Use Chain Piecing to Speed up Quilt Assembly

Chain Pieced Fabric Hexagons
Natalie Patton

Chain piecing is a quiltmaking technique that lets you sew patchwork on an assembly line, greatly speeding up construction.

To chain piece, we align the patches of fabric that need to be sewn and feed them through the sewing machine one after the other without stopping and without breaking the threads between the aligned patches.

How to Chain Piece Your Quilting Patches

  1. After cutting the quilt patches, align them right sides together to prep them for sewing.
  2. Pin the pieces together if necessary. Another option for simple patchwork is to help the fabrics stick together by placing a medium-hot iron on top of each pair.
  3. Stack the paired units within easy reach, next to your sewing machine.
  4. Start sewing the pairs together, feeding them through the sewing machine one after another, but without breaking the threads after stitching each pair.
  5. When units are all sewn, cut the threads between them and move on to the next step in the quilt pattern.

Chain piecing isn't just for individual pieces of patchwork. You can chain piece the components of rows of blocks together, and then chain piece the rows to make a block. Use chain piecing for any task that will help speed up assembly.

Some quilters like to begin each chain piecing seam by leading off with a scrap piece of fabric. That method is especially helpful when you sew matched triangles with pointed ends that sometimes tend to become pushed into the sewing machine's feed dogs.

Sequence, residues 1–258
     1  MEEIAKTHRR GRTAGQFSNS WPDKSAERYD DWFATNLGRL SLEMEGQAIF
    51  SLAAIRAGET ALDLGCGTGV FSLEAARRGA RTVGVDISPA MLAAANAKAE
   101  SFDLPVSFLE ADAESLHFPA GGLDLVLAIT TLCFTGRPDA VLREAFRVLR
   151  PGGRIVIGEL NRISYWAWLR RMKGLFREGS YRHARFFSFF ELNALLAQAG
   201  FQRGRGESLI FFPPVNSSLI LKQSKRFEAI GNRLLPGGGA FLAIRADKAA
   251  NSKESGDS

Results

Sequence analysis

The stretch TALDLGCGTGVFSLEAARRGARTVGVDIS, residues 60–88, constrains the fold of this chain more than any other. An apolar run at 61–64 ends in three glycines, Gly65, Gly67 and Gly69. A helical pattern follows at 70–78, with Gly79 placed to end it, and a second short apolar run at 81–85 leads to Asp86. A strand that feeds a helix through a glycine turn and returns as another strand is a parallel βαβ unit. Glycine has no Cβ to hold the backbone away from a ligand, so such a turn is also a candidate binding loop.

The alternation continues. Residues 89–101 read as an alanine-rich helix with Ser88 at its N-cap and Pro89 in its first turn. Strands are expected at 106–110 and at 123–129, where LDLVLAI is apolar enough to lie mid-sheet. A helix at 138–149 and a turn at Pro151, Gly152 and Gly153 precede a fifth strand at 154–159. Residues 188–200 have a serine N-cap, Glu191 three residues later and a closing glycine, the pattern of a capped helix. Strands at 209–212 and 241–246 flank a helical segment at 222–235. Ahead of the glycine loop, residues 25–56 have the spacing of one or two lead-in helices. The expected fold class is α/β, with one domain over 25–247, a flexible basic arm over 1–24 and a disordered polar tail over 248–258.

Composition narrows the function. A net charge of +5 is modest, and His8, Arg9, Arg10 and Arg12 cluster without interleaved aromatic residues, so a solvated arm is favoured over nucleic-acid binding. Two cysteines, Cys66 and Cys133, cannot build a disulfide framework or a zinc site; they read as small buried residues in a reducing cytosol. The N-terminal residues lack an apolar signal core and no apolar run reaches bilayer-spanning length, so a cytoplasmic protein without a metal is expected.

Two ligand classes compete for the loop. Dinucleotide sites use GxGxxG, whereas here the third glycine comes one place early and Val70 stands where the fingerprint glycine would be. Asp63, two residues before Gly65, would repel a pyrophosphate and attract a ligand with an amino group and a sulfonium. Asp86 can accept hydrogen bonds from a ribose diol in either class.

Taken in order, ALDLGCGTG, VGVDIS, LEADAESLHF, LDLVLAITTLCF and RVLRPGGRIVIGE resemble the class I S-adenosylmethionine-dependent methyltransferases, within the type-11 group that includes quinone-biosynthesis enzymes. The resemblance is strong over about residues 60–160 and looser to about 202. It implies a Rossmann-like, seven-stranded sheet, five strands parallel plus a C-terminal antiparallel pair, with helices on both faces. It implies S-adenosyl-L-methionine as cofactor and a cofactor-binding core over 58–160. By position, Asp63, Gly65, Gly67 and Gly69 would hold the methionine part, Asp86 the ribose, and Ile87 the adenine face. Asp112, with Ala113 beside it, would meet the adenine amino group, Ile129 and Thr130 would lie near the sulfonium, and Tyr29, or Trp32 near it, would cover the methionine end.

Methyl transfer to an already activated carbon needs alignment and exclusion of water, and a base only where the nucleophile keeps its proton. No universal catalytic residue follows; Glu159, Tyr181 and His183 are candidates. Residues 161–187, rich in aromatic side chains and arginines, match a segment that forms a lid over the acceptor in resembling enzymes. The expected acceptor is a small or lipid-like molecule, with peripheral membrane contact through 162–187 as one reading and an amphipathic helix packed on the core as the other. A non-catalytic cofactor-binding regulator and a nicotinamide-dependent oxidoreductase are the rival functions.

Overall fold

You can end a row of chain stitching with a scrap, too.

What Are the Benefits of Chain Piecing?

  • Chain piecing helps you sew patches, quilt blocks, or any other components of a quilt in a shorter time than it takes to assemble the same pieces one by one.
  • Chain piecing conserves thread.
  • Chain piecing makes it easier to press seam allowances, too, since all like units can be placed on the ironing board and worked on at the same time.
  • The technique makes it more likely that you'll press to set seams—a method that instantly improved accuracy (but can be kind of a pain when you must get up to handle it after every single seam).

The photo illustrates chain pieced hexagons for Natalie Patton's Floral Hexagon Tape Measure Cover.

Chain Piecing Cautions

  • Remember that it's always good to cut just enough pieces for a sample block or two before cutting all patches for any portion of a quilt.
  • Don't sew an entire batch of patchwork before testing a few samples. It's important to catch seam allowance and cutting errors so that it isn't necessary to grab your seam ripper later. 
  • Are you working with a complicated layout? Chain piece in groups and return pieces to your design wall or another flat surface before sewing more seams.